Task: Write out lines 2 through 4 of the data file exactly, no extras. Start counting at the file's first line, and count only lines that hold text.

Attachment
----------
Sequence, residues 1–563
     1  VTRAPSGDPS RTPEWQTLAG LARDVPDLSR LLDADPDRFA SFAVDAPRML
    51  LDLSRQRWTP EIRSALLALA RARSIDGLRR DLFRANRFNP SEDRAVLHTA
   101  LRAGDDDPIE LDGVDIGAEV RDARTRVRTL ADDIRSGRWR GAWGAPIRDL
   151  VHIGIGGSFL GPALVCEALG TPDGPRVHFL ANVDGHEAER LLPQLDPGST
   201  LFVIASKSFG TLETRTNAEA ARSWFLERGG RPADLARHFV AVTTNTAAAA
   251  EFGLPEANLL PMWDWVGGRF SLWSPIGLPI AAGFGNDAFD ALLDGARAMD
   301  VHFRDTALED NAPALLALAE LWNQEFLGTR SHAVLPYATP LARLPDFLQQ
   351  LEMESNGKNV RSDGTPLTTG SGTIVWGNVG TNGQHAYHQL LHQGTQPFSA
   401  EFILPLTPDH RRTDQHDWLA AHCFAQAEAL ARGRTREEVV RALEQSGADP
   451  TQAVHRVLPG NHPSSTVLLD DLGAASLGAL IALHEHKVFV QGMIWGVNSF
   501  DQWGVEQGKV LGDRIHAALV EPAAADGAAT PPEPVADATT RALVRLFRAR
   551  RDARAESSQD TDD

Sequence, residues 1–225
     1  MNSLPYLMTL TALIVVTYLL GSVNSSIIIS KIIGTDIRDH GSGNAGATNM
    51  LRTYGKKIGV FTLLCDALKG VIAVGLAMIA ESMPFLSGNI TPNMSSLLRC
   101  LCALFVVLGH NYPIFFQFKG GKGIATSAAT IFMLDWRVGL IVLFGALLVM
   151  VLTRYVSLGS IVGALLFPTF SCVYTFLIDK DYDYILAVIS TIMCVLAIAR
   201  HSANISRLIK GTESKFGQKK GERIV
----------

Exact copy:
     1  VTRAPSGDPS RTPEWQTLAG LARDVPDLSR LLDADPDRFA SFAVDAPRML
    51  LDLSRQRWTP EIRSALLALA RARSIDGLRR DLFRANRFNP SEDRAVLHTA
   101  LRAGDDDPIE LDGVDIGAEV RDARTRVRTL ADDIRSGRWR GAWGAPIRDL